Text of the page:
The other U.S. servicemen who rode the van could be considered “conspirators.”
“All of them contributed to the crime,” he said. “And that includes the driver.”
Colmenares has not met Olivia but based his comments on this reporter’s account of the interview with the witness.
The human rights lawyer however said there is “something missing”. “I believe the police is keeping something,” he said.
Colmenares said there is a big possibility that the police already had custody of the six U.S. servicemen after the crime had been committed.
He pointed out that nobody could have gotten the full names of the six accused if the police were not able to interview the suspects face-to face.
He said the victim could not have taken all their names because she was drunk. Neither did the driver because nobody registers the full names of his/her companions when renting a vehicle, he added.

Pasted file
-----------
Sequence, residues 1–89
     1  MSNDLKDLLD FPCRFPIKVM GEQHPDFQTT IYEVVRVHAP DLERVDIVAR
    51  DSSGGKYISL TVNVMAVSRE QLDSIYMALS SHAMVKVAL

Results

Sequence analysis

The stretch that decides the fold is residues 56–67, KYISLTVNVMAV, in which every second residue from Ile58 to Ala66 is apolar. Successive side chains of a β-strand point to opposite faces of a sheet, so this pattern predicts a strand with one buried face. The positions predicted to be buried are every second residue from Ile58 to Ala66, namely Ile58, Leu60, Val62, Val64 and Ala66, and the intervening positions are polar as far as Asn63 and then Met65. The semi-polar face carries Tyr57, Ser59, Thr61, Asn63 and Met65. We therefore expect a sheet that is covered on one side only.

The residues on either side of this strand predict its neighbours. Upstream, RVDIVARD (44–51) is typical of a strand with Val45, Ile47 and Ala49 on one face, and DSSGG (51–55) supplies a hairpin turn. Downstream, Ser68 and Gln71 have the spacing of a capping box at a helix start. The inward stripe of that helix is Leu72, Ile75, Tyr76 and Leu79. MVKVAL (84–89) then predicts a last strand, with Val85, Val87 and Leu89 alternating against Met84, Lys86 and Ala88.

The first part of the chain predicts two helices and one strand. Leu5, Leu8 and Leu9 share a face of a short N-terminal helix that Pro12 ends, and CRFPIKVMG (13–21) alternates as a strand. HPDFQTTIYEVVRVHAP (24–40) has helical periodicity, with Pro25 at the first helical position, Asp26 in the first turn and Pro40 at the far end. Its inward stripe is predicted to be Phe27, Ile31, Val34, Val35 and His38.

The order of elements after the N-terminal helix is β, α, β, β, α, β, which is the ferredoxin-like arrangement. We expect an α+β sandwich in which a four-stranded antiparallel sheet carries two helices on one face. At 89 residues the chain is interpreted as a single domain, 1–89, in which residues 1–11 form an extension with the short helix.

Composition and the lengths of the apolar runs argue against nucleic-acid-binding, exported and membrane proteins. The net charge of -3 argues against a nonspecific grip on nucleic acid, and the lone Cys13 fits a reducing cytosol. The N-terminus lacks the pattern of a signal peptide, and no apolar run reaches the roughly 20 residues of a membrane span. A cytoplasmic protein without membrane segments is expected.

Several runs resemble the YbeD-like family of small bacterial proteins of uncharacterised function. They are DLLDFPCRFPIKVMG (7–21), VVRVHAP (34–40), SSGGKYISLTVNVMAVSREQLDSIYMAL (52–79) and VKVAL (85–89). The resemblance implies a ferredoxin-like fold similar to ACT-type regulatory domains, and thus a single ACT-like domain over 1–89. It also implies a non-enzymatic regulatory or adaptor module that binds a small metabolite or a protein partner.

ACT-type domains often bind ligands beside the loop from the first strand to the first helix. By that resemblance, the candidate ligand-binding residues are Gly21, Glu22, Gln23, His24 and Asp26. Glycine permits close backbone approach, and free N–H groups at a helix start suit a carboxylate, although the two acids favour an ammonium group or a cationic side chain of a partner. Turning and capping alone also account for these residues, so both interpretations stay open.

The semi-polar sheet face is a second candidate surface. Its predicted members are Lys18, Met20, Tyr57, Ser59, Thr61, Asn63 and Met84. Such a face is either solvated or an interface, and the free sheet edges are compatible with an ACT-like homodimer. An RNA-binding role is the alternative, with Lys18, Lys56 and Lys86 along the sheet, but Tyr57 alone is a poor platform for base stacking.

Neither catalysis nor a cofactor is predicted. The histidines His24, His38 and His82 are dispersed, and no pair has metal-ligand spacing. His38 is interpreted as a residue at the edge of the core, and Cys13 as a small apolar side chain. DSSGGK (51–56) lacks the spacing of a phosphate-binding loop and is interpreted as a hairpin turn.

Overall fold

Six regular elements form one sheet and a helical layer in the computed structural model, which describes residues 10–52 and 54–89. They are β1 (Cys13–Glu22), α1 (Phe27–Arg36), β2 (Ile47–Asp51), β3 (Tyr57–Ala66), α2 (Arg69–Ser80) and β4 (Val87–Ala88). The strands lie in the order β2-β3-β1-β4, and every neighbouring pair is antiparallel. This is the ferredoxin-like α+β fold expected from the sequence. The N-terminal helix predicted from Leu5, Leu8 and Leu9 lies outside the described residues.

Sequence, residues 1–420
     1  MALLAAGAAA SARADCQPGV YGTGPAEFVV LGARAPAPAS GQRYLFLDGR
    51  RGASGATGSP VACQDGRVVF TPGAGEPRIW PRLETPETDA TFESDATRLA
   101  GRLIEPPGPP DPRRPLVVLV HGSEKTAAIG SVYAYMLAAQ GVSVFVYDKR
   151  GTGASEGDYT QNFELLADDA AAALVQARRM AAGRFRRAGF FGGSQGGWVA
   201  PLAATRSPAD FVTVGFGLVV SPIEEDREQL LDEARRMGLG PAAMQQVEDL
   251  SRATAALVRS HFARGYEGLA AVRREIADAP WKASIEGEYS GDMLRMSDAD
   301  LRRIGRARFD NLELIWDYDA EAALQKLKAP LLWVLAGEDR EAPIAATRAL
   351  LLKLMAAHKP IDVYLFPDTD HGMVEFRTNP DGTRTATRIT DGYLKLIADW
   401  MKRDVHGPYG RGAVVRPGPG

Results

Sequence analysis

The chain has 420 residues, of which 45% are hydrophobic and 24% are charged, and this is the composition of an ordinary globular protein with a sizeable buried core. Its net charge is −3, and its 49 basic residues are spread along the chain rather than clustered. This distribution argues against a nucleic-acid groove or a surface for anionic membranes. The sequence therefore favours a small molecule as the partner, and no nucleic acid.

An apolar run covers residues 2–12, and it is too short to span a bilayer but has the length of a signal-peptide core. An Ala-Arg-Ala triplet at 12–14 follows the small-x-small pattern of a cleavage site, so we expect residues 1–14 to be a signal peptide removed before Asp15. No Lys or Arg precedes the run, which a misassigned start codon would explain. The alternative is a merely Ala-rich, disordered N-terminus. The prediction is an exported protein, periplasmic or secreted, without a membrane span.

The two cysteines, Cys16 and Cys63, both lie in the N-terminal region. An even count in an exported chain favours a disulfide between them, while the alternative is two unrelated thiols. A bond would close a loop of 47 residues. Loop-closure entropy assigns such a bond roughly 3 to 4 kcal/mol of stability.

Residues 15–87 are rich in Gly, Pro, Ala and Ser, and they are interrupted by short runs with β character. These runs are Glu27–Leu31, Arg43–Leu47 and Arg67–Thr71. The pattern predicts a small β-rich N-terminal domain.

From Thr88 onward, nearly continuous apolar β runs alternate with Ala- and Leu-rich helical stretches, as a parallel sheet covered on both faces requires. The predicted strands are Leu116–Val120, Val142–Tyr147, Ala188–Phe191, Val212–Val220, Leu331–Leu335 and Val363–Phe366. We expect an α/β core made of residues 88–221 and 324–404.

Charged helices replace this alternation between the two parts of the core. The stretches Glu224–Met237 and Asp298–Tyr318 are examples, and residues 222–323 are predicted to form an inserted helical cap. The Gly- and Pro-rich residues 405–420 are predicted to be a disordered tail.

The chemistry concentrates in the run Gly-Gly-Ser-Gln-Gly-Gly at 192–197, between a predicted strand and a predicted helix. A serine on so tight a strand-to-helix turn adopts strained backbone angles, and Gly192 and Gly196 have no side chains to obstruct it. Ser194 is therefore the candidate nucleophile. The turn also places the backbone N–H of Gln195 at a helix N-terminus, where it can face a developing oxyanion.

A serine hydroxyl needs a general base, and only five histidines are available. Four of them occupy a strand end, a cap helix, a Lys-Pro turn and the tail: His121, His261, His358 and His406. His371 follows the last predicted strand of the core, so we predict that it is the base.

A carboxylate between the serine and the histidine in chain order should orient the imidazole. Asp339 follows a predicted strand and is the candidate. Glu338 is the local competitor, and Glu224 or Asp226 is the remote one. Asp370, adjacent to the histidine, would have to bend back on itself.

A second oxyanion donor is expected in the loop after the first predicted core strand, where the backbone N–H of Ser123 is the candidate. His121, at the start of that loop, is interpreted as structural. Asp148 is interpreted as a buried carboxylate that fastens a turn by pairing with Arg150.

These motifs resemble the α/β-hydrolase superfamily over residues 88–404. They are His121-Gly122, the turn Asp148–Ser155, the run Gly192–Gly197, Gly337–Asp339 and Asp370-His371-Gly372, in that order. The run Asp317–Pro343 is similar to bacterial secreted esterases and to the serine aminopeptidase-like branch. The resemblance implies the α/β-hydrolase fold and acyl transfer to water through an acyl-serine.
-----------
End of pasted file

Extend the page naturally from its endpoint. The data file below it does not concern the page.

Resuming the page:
A hearing is set at the Olongapo City Municipal Trial Court on Nov. 23.
It took two nights, two days before Olivia agreed to be interviewed. She rejected Bulatlat’s request twice. But after some prodding, she finally agreed to tell what she knew about the biggest rape scandal involving American soldiers to hit the country after the rape case of 12-year old Rosario Baluyot in 1987.
Olivia admitted working as a prostitute during in the 1980s, when the U.S. bases were still here. She agreed to be interviewed on condition of anonymity. (Bulatlat.com)